round 9

I wanted to play 28. Re1, but then I discovered that after 28…Re6! it’s not easy to discover a decent move for me, when I was shocked to see my time expired with 3,2 and 1 seconds and indeed it’s unbelievable how I managed to play 28.Nd6 without losing on time. It looks like my opponent was even more shocked and after two moves he blundered an elegant tactical blow

round 9(2)

The last move he captured my pawn on c5, but this appeared to be a decisive mistake, as after 30.Nb7! Nb7 31.Qc6 Black’s position appears to be losing , as he cannot deal with misplaced position of his knight and weakness of his last rank together. It was really a shocking game and of course I will remember the moment when I managed to make my move with 1 second remaining for a long time:).

Last round gave me a great chance to fight for the tournament victory. I played with White against Russian Vladimir Malakhov the player with 2707 rating , who was leading through all the tournament, but somehow the round before he made a quick draw with White pieces against Indian Negi, that suprised me a lot, as it was obvious that in the last round he will face the player, who will try to fight for a win. It was a score of 2,5-0,5 in his favour before our game, but all the games he played with White pieces, so I was full of energy to take a revenge and to improve the overall score. Undoubtefully this was my best game in the tournament. There was everything important opening , interesting middlegame and finally very nice finish. In a few days I would like to publish this game fully commented here.

Scoring + 7 out of 10 appears to be unsufficient for the victory in the tournament. I shared first place , but the winner of the tournament was claimed Inidian Negi, who played an extraordinary tournament. He also missed good winning chances against Postny and Sargissian respectively. Certainly I was very satisfied with my final result and especially with last game win!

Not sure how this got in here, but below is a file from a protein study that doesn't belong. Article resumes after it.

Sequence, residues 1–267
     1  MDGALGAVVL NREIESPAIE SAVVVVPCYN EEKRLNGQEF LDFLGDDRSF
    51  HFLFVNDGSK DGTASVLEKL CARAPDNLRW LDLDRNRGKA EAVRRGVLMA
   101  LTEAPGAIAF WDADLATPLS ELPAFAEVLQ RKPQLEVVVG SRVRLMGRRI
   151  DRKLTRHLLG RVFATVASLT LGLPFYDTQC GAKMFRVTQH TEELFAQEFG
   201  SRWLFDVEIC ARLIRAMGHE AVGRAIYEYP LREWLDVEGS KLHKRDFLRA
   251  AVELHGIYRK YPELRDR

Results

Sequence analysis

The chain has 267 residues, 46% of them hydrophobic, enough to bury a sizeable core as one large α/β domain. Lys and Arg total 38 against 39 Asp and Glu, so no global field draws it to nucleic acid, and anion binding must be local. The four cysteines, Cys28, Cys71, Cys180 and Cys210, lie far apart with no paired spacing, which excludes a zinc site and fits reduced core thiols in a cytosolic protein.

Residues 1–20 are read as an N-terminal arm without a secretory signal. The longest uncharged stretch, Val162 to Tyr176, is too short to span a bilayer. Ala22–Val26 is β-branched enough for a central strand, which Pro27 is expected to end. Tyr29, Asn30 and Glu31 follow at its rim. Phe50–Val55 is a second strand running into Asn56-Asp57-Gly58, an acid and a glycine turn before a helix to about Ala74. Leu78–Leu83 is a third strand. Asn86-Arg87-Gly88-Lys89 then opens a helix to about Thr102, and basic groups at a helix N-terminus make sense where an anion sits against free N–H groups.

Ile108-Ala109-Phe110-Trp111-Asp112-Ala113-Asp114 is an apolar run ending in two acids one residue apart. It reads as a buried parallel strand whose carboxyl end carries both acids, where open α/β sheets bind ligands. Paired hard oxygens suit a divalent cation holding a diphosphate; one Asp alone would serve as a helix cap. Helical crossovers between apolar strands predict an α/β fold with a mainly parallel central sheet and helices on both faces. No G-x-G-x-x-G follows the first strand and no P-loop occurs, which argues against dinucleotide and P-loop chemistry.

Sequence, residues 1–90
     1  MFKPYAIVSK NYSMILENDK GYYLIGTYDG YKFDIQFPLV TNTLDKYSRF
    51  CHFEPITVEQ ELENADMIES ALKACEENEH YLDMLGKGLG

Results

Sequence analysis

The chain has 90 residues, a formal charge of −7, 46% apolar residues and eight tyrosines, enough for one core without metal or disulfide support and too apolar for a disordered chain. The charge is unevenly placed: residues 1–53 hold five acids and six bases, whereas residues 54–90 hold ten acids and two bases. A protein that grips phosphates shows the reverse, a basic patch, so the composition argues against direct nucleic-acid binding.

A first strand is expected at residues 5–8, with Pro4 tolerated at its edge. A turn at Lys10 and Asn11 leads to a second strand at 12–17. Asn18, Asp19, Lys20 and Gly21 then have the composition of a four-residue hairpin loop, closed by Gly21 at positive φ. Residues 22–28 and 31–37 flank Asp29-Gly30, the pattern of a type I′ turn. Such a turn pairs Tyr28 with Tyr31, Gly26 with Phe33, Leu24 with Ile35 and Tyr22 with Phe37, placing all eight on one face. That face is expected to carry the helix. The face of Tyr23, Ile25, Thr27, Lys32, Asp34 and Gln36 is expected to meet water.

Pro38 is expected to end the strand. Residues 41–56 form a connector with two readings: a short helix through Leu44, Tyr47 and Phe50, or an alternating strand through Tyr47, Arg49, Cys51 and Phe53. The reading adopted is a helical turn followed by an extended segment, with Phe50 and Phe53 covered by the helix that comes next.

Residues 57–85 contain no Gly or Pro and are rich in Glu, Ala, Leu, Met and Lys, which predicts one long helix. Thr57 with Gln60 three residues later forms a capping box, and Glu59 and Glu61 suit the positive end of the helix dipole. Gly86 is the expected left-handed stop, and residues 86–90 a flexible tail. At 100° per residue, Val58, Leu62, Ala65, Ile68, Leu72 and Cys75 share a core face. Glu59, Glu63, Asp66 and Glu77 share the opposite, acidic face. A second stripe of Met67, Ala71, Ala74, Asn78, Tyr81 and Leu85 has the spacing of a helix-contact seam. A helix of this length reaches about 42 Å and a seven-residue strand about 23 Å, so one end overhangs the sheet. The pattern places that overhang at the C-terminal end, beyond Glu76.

The final standings of the Politiken Cup you can see here : http://www.ksu.dk/politiken_cup/turnering/stilling.aspx?tur_id=627&aar=2009&aar=2009

FIDE Rating list July 2009

Two days ago FIDE published a new rating list for the 1st of July. If I understand correctly now they change the system and next rating list suppose to appear in two months and from this point every two months we will get a new rating list. Not a bad system in my opinion. The most remarkable think is  that 2635 would have been enough to be in the top 100 last time, now this mark has risen to 2641 and this allowed me to stay in top 100  :).  Here is the full list of first 100.

Rank Name Title Country Rating Games B-Year
1 Topalov, Veselin g BUL 2813 10 1975
2 Anand, Viswanathan g IND 2788 2 1969
3 Carlsen, Magnus g NOR 2772 12 1990
4 Aronian, Levon g ARM 2768 13 1982
5 Jakovenko, Dmitry g RUS 2760 15 1983
6 Kramnik, Vladimir g RUS 2759 0 1975
7 Leko, Peter g HUN 2756 13 1979
8 Radjabov, Teimour g AZE 2756 0 1987
9 Gelfand, Boris g ISR 2755 27 1968
10 Morozevich, Alexander g RUS 2751 0 1977
11 Gashimov, Vugar g AZE 2740 9 1986
12 Svidler, Peter g RUS 2739 36 1976
13 Wang, Yue g CHN 2736 10 1987
14 Grischuk, Alexander g RUS 2733 20 1983
15 Shirov, Alexei g ESP 2732 38 1972
16 Ponomariov, Ruslan g UKR 2727 3 1983
17 Bacrot, Etienne g FRA 2721 32 1983
18 Kamsky, Gata g USA 2717 22 1974
19 Mamedyarov, Shakhriyar g AZE 2717 17 1985
20 Karjakin, Sergey g UKR 2717 13 1990
21 Eljanov, Pavel g UKR 2716 44 1983
22 Movsesian, Sergei g SVK 2716 31 1978
23 Dominguez Perez, Leinier g CUB 2716 10 1983
24 Alekseev, Evgeny g RUS 2714 20 1985